Oceania

New Zealand's response to the coronavirus pandemic has been rated the best in the world, in a new study by the Lowy Institute, an Australian think tank. The think tank came to the result by comparing publicly available data on the pandemic response in 98 countries in the 36 weeks that followed their 100th confirmed case.

New Zealand got the top rank out of 98 countries

New Zealand got the top rank out of 98 countries

New Zealand was closely followed by Vietnam, Taiwan and Thailand. According to the report, countries in the Asia-Pacific were most successful in containing the pandemic. The institute did not include China in its list, citing a lack of data.

Australia has extended the suspension of a so-called "travel bubble" with New Zealand until Sunday. The bubble was originally suspended on Monday after a positive case of the South African strain of the coronavirus was detected in New Zealand.

Europe

German Health Minister Jens Spahn has warned that Germany faces a vaccine shortfall for the next "10 weeks." The government is now mulling a "vaccine summit."

Meanwhile the German vaccine commission, STIKO, has recommended to only use the AstraZeneca vaccine on those aged 64 and under, citing a lack of data regarding the its efficacy in older people.

France will receive 25% less doses of the Moderna vaccine than it expected in February, the country's health ministry said in a statement.

The World Health Organization's European branch has said it is too early to ease restrictions in Europe despite a drop in new cases in most countries.

Hans Kluge, the WHO's regional director for Europe, said 30 countries had "seen a significant decrease in 14-day cumulative incidence," but transmission rates remained "very high."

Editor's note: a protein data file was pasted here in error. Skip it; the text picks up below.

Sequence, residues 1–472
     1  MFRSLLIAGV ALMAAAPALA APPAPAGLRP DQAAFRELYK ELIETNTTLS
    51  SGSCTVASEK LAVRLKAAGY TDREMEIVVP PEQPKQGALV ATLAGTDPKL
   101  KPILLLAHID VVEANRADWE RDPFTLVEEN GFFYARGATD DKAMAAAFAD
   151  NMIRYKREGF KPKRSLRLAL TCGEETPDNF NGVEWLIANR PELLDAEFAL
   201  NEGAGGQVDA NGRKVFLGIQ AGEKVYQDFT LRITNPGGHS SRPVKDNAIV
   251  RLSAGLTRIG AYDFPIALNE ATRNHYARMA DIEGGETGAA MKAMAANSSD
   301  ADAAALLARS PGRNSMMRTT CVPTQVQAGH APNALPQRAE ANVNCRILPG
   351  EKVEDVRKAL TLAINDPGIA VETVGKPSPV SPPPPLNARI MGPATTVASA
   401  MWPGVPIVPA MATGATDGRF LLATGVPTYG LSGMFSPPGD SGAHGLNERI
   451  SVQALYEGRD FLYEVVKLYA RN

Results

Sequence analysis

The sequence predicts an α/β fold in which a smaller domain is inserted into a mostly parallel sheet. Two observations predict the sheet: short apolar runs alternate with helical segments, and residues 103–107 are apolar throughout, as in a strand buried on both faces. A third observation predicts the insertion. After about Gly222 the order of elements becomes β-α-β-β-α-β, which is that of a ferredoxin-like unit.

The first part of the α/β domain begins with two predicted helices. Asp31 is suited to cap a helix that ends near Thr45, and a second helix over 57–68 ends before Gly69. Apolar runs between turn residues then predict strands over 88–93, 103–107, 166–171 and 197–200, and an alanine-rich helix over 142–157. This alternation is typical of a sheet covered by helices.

Car output in the UK has fallen to the lowest level since 1984, according to data released by the Society of Motor Manufacturers and Traders, an industry body, on Thursday. It cited low demand for vehicles owing to the coronavirus pandemic as the key reason for the dramatic fall.

The UK produced 920,928 cars in 2020, down 29% year-on-year. EU-wide figures published this month showed a drop of 23.7%, also the highest percentage decline since records began. 

Russia dispatched 240,000 doses of its Sputnik V vaccine to Latin American countries, with most heading to Argentina and the rest bound for Bolivia. 

Bolivia, which an airline official said would take delivery of 20,000 doses from the consignment, will be the second Latin American country after Argentina to roll out the Russian vaccine. Argentina has already taken the delivery of two consignments, each with 300,000 shots. 

Catch up with DW content

Amid heated debate about the long-term effects of the lockdown on children, business and the arts, Germany’s refugees seem to have been forgotten. Read the full story here

People in Poland long appeared hesitant to get vaccinated against COVID-19. Then they saw celebrities and politicians scandalously jump the line for the jab. Now there's not enough vaccine to go around. Read the full story here

The coronavirus has raged for a year now and there seems to be no end in sight. Germany is no longer considered as an example of good pandemic management. But the worst could still be to come, says Rosalia Romaniec. Read the full story here

And catch up with all the developments in Wednesday's coronavirus digest.

am/rt (Reuters, AP, AFP)